25 He also states in his theoretical writings that as a child he hated going to the theater, but that the first theatrical encounter in which he recalls having delighted is the puppet show in the Luxembourg Gardens. He also states in his theoretical writings that as a child he hated going to the theater, but that the first theatrical encounter in which he recalls having delighted is the puppet show in the Luxembourg Gardens. At about the age of four "I...could stay there, spellbound, all day long. But I did not laugh. That Punch and Judy show kept me there open-mouthed, watching those puppets talking, moving and cudgeling each other. It was the very image of the world that appeared to me, strange and improbable but truer than true, in the profoundly simplified form of caricature, as though to stress the grotesque and brutal nature of the truth....until I was fifteen...[e]very live show awoke in me this feeling for the strangeness of the world..." At about the age of four "I...could stay there, spellbound, all day long. But I did not laugh. That Punch and Judy show kept me there open-mouthed, watching those puppets talking, moving and cudgeling each other. It was the very image of the world that appeared to me, strange and improbable but truer than true, in the profoundly simplified form of caricature, as though to stress the grotesque and brutal nature of the truth....until I was fifteen...[e]very live show awoke in me this feeling for the strangeness of the world..."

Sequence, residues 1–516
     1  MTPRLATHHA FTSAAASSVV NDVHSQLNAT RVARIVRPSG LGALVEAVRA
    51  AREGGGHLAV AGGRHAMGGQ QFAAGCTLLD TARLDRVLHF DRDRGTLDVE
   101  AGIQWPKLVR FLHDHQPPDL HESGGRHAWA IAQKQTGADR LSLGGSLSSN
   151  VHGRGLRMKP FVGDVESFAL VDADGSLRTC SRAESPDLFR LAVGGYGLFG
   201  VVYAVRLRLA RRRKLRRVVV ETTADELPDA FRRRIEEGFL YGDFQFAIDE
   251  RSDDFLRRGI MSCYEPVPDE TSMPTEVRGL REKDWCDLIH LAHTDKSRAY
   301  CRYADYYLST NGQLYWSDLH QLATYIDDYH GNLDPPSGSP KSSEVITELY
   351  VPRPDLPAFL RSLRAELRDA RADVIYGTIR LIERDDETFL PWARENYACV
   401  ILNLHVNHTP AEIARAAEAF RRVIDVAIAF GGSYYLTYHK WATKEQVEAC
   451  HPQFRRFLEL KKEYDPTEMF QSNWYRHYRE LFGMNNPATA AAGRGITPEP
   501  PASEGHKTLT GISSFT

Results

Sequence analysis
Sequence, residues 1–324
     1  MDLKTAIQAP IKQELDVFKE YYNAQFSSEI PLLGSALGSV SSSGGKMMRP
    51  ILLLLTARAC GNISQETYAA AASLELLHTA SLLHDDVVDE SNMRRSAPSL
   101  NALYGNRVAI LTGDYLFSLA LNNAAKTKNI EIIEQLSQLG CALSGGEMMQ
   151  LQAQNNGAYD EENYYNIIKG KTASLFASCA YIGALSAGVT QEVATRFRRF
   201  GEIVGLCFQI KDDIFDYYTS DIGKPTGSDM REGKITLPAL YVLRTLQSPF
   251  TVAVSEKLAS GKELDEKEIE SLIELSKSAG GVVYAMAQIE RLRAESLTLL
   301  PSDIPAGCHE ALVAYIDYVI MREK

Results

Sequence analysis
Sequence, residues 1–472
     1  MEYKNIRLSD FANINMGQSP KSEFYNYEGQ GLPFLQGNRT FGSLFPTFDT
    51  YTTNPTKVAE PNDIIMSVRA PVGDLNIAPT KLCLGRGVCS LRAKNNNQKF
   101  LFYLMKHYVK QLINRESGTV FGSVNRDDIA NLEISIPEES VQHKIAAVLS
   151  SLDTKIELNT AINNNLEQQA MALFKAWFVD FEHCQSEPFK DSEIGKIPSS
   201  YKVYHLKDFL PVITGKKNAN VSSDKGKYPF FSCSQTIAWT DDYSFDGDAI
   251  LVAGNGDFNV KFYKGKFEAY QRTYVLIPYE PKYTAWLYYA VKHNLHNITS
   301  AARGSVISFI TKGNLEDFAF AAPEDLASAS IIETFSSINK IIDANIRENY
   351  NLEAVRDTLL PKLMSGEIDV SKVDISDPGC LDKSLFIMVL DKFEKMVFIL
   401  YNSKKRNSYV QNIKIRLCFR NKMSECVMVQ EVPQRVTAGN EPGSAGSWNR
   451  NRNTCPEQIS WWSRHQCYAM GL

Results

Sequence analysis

26 Honors and awards He received numerous awards including Tours Festival Prize for film, 1959 He received numerous awards including Tours Festival Prize for film, 19591959 Prix Italia, 1963 Prix Italia, 19631963 Society of Authors Theatre Prize, 1966 Society of Authors Theatre Prize, 19661966 Grand Prix National for theatre, 1969 Grand Prix National for theatre, 19691969 Monaco Grand Prix, 1969 Monaco Grand Prix, 19691969 Austrian State Prize for European Literature, 1970 Austrian State Prize for European Literature, 19701970 Jerusalem Prize, 1973 Jerusalem Prize, 1973 Jerusalem Prize1973 Jerusalem Prize1973 honorary doctorates from New York University and the universities of Leuven, Warwick and Tel Aviv. honorary doctorates from New York University and the universities of Leuven, Warwick and Tel Aviv.LeuvenWarwickTel AvivLeuvenWarwickTel Aviv He was made a member of the Académie française in 1970 He was made a member of the Académie française in 1970Académie française 1970Académie française 1970